The Evolving Role of an Executive Headteacher

This article was written by former head of impact at NFER, Karen Wespieser. 

What is an executive headteacher? Unlike the term “headteacher”, which is defined under section 35 and 36 of the Education Act 2002, there is currently no legal definition of what an “executive headteacher” (EHT) is or what they should do.

To understand better this emerging role at NFER, we looked at the application packs of leadership jobs advertised in the national press, as well as 12 in-depth case studies. Using this qualitative data we were able to investigate the duties and skills that distinguish the Executive Headteacher.

A Department for Education (DfE) definition considers that the “post of executive Headteacher should be used for a Headteacher who directly leads two or more schools in a federation or other partnership arrangement” (DfE, 2015). Our research largely supports this though we found that it does not wholly reflect the picture on the ground. In practice, EHTs can:

– Lead formal groups of schools (multi-academy trusts or federations).
– Be the substantive leader of one school and have a contractual arrangement with one or more other schools (maybe on an interim basis).
– Lead a school with more than one phase or site (that is, not necessarily two separate schools).
– Have management responsibilities which go beyond that of a single phase school (such as managing a Teaching School Alliance).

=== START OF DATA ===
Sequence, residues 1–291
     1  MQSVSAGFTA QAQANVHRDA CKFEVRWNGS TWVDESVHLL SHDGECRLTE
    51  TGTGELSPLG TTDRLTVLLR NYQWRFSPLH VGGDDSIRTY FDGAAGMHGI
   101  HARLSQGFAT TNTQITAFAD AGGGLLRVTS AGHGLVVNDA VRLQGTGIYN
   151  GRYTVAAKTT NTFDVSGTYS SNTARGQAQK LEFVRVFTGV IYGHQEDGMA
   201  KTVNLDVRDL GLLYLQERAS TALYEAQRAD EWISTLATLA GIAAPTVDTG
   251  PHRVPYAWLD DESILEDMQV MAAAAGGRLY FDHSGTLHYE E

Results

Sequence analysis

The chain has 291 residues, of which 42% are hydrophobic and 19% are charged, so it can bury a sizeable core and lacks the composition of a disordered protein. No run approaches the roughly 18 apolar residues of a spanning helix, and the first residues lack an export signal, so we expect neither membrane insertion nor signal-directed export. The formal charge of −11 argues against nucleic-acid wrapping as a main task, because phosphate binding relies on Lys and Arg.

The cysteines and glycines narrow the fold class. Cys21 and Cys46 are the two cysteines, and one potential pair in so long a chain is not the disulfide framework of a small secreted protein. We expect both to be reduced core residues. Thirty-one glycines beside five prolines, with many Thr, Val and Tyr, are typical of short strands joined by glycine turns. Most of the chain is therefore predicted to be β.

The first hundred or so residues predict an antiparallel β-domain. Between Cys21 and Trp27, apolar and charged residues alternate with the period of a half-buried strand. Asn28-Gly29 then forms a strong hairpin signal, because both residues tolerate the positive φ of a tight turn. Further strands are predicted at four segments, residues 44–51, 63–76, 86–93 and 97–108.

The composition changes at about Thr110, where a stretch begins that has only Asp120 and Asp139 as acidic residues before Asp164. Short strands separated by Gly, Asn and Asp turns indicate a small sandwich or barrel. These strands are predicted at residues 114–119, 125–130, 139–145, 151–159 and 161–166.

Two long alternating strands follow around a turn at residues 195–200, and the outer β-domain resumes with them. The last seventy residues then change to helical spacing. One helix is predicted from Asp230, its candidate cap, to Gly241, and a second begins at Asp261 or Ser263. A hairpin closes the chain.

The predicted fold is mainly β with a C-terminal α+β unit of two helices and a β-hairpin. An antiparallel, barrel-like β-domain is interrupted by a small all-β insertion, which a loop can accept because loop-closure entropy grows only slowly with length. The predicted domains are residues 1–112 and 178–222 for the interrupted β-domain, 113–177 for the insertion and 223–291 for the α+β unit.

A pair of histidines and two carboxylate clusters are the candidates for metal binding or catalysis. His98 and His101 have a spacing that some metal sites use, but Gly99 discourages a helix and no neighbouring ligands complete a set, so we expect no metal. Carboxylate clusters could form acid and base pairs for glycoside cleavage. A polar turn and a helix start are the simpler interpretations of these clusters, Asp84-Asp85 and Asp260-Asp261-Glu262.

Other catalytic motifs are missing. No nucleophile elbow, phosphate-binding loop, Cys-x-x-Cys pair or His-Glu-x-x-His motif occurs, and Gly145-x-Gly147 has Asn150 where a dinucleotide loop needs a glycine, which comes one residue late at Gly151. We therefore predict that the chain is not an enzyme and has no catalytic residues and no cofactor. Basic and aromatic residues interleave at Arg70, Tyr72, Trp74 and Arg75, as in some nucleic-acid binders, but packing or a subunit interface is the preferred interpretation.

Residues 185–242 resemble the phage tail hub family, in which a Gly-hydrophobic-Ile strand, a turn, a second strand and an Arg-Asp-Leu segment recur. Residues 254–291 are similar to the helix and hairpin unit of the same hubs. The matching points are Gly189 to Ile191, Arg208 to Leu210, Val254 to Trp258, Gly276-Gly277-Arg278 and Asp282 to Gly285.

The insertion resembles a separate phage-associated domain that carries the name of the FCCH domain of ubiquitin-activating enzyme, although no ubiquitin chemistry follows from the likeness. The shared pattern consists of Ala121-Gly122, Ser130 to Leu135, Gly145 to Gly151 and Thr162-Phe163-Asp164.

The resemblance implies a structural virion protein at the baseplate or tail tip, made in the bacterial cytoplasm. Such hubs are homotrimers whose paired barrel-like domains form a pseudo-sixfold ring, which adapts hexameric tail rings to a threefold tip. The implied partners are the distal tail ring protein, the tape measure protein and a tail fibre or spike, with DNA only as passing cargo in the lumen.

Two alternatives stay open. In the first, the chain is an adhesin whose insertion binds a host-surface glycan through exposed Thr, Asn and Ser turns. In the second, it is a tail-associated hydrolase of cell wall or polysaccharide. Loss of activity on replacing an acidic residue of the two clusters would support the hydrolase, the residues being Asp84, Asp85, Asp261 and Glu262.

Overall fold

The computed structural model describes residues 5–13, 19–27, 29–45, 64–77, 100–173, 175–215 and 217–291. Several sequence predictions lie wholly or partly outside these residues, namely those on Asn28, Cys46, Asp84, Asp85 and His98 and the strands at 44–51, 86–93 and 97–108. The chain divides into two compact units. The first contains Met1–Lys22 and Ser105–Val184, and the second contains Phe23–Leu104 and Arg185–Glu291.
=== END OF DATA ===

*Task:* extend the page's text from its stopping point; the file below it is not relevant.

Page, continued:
It is therefore helpful to think of an Executive Headteachers as the strategic leader of more than one school or equivalent responsibility. It is a complex role that is deployed in a range of contexts and structures to address different priorities. There is no one-size-fits-all when it comes to the role of Executive Headteacher.

Importantly though, the role reflects the context and needs of the school(s), the time available to the Executive Headteacher, and the experience and strengths of the individual. It also takes account of the other roles in the leadership structure of the school or group of schools, such as head of school(s) and chief executive officer.

This sometimes means that these other roles also have to respond to changing structures, remits and relationships. This can be challenging in fast-moving environments and clear schemes of delegation that set out accountability arrangements are key to clarifying roles and responsibilities for new and evolving executive leadership tiers.

The strategic priorities of Executive Headteachers

The role is still evolving at a national and local level and, while it is very clear that the position is varied both within and between school groups, we were able to draw out the commonalities of the role.

We found three strategic priorities that Executive Headteachers focus on to varying degrees: school improvement (e.g. addressing school underperformance), organisational expansion (e.g. increasing management capacity and efficiency), and partnership growth (e.g. forming and growing a school grouping). While traditional Headteachers will also focus on these areas, it seems that Executive Headteachers are recruited to add capacity and to fulfil particular aspects of these priority areas.